From catchment to customer, the journey your water takes to get from the environment to your tap is a complex system of underground pipes, pumps, treatment systems, reservoirs and dams.
Raw water is collected in our catchment areas, treated to meet the health-based Australian Drinking Water Quality Guidelines and requirements of the Tasmania Public Health Act (this excludes a small number of systems which are not supplied as potable water) and piped to storage areas such as reservoir storage.
The water is then distributed to households and businesses through a reticulated network of underground pipes and pump stations.
To build, monitor and maintain these systems, expensive and constant investment in infrastructure upgrades and renewals is needed. There are many towns with pipes that in some cases are over 100 years old and must be upgraded to ensure the provision of good quality drinking water.
TasWater will continue to invest in our water infrastructure with the objective of all customers receiving safe drinking water that meets Australian standards.
Frequently asked questions
Chlorine taste or smell
Chlorine is added to public water supplies to provide protection from potentially harmful bacteria. Chlorine levels are maintained to balance water disinfection and taste.
At time you may notice a taste or smell of chlorine in your water which is normal. However, if you notice a significant increase of smell or taste and are concerned, please phone TasWater on 13 6992 for more information.
Taste and odour
The taste and odour of water can vary from tap to tap. This may be caused by naturally occuring elements, treatment processes, works in your area and the state of your internal pipes and taps. Drinking water contains small amounts of naturally occuring minerals including Manganese, Magnesium and Iron. Other elements are added to ensure water is appropriately treated and is safe for drinking purposes. Regular testing is conducted to ensure water meets the Australian Drinking Water Guidelines and the Tasmanian Public Health Act (1997).
Cloudy, milky or bubbly water
Air bubbles can cause water to have a cloudy or milky appearance. Water is distributed under pressure through our water pipes, and when it reaches your tap, the pressure is released and may result in air bubbles in your water. If air bubbles are causing a cloudy or milky appearance in your water, this is harmless and will disappear as the air rises out of your glass from bottom to top.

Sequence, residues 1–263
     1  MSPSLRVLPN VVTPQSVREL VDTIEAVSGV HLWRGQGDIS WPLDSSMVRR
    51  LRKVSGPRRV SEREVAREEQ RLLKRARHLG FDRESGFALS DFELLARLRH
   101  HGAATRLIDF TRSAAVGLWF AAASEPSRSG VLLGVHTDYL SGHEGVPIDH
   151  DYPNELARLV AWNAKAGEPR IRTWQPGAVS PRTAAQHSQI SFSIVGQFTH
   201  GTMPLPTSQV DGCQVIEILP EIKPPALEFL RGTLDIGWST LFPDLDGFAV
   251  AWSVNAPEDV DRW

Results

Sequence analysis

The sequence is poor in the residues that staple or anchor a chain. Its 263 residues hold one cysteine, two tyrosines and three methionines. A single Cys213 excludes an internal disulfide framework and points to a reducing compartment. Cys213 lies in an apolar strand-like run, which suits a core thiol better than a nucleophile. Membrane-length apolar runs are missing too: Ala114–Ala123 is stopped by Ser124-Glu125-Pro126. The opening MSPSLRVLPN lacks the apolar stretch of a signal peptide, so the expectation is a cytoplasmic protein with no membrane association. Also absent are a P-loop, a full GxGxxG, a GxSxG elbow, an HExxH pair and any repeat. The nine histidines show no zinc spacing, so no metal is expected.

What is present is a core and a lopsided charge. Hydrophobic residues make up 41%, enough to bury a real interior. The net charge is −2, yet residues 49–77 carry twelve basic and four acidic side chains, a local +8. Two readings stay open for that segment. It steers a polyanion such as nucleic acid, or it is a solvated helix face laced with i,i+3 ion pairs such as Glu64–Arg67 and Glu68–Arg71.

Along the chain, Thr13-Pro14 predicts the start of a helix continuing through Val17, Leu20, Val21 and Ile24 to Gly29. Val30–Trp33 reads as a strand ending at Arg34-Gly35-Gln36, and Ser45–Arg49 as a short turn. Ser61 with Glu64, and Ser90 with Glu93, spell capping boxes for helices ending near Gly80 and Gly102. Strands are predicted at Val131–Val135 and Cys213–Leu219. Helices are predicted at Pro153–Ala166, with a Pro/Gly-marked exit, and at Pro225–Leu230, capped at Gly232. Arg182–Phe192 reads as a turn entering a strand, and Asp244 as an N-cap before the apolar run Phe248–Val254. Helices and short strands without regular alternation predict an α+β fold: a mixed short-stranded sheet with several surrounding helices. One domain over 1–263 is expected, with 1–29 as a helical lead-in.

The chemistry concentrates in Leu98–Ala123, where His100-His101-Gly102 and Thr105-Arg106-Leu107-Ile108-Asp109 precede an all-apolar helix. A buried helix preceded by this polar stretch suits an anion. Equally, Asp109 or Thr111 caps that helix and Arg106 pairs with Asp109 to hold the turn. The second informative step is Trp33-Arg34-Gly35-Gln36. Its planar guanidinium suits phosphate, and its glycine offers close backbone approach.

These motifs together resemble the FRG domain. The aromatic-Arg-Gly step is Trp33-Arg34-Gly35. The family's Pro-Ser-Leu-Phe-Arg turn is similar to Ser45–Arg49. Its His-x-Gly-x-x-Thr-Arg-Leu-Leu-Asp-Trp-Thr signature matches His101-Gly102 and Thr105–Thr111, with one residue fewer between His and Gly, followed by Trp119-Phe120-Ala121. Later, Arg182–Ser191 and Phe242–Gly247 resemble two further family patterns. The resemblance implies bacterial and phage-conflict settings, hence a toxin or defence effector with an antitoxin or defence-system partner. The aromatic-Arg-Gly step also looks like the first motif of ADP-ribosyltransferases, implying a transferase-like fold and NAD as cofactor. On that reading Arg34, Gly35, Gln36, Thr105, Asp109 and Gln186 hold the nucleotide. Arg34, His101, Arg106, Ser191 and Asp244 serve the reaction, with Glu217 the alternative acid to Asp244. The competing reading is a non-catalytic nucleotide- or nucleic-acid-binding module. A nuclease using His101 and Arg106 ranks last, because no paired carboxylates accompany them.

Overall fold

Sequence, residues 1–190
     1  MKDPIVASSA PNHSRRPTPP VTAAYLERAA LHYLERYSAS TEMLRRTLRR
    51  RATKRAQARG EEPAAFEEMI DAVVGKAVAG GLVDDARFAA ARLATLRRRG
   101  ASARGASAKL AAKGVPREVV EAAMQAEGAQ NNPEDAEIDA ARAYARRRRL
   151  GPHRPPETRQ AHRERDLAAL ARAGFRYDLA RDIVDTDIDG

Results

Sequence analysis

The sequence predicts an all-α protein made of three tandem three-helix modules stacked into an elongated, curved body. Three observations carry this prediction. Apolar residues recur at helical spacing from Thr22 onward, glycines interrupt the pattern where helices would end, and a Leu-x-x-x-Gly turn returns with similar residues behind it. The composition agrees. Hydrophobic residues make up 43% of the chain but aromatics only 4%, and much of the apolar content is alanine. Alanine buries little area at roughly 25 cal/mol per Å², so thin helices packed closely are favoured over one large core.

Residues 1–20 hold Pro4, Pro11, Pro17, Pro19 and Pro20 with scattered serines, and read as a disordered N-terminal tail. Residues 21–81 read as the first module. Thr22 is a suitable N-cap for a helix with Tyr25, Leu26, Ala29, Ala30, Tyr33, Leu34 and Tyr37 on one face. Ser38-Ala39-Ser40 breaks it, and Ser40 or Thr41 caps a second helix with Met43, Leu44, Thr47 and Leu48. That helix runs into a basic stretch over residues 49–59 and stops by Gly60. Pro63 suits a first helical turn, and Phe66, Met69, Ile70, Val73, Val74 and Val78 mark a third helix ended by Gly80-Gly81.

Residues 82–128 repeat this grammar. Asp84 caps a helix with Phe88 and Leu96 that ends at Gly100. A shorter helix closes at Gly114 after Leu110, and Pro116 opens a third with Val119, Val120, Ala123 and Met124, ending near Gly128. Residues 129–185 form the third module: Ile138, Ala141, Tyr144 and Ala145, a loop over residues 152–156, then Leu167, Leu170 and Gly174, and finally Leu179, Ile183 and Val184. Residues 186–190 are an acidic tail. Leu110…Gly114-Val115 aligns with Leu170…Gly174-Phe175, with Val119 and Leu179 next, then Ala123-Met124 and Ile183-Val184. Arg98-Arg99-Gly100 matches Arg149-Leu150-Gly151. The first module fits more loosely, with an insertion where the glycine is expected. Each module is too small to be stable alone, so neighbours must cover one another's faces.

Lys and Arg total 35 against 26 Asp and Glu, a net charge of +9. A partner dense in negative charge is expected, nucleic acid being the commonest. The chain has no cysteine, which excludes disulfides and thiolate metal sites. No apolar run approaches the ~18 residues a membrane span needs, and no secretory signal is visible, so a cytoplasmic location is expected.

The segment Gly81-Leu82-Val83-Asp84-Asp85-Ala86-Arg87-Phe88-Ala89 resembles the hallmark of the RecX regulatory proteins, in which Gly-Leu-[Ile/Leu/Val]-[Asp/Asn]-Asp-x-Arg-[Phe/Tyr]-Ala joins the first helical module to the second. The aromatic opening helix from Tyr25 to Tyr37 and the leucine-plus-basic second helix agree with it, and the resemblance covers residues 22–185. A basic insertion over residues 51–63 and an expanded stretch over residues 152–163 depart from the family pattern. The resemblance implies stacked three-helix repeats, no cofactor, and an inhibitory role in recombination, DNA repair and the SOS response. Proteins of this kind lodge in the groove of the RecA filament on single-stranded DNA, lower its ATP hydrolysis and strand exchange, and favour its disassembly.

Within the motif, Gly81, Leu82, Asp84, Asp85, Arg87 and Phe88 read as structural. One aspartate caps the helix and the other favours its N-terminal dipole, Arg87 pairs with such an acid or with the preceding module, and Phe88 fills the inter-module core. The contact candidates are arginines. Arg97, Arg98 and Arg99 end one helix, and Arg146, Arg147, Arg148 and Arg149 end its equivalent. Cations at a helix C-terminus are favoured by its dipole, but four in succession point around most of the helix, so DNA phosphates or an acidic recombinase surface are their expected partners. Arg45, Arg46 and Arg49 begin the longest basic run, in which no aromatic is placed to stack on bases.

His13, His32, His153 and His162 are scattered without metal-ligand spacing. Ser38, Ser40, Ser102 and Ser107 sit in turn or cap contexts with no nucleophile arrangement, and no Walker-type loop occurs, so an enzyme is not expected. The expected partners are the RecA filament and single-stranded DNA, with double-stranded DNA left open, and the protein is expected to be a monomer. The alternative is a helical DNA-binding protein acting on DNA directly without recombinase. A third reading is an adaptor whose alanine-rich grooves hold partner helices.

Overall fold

Dirty or discoloured water
In older buildings, discolouring in the water can be a sign of rusting galvanised iron pipes in your internal plumbing. This will usually be most obvious first thing in the morning or after extended periods of no water use. Iron or sediments in the water may also give it a dirty appearance. If you experience yellow-coloured water or water that appears dirty, turn your tap on full for at least 30 seconds to flush out the impacted water before use. If the problem persists, you may wish to consult a plumber or contact TasWater for assistance.
Blue-green staining on household bathroom fittings is a sign of copper corrosion. Staining or bluish water can occur when water is stagnant in pipes for an extended period, in new or corroding pipes, or as a result of older household electrical wiring being earthed to a copper pipe. If you experience blue-green staining on bathroom fittings, turn your tap on full for at least 30 seconds to flush out the impacted water before use. If the problem persists, you may wish to consult a plumber, electrician or contact TasWater for assistance. Fixing dripping taps may help reduce localised staining.
Water with a metallic taste is most likely a sign of corroding plumbing in older galvanised iron and copper pipe works in your home. A metallic taste is mostly likely to occur first thing in the morning or after extended periods of no water use. If you experience a metallic taste in your water, turn your tap on full for at least 30 seconds to flush out the stagnant water. The water will be replaced with fresh water from our reticulated water supply. If the problem persists, you may wish to consult a plumber or contact TasWater for assistance.
TasWater is directed to fluoridate drinking water supplies by the Minister of Health in accordance with the Fluoridation Act 1968. For more information see our FAQ here and a statement from the CEO of the National Health and Medical Research Council here.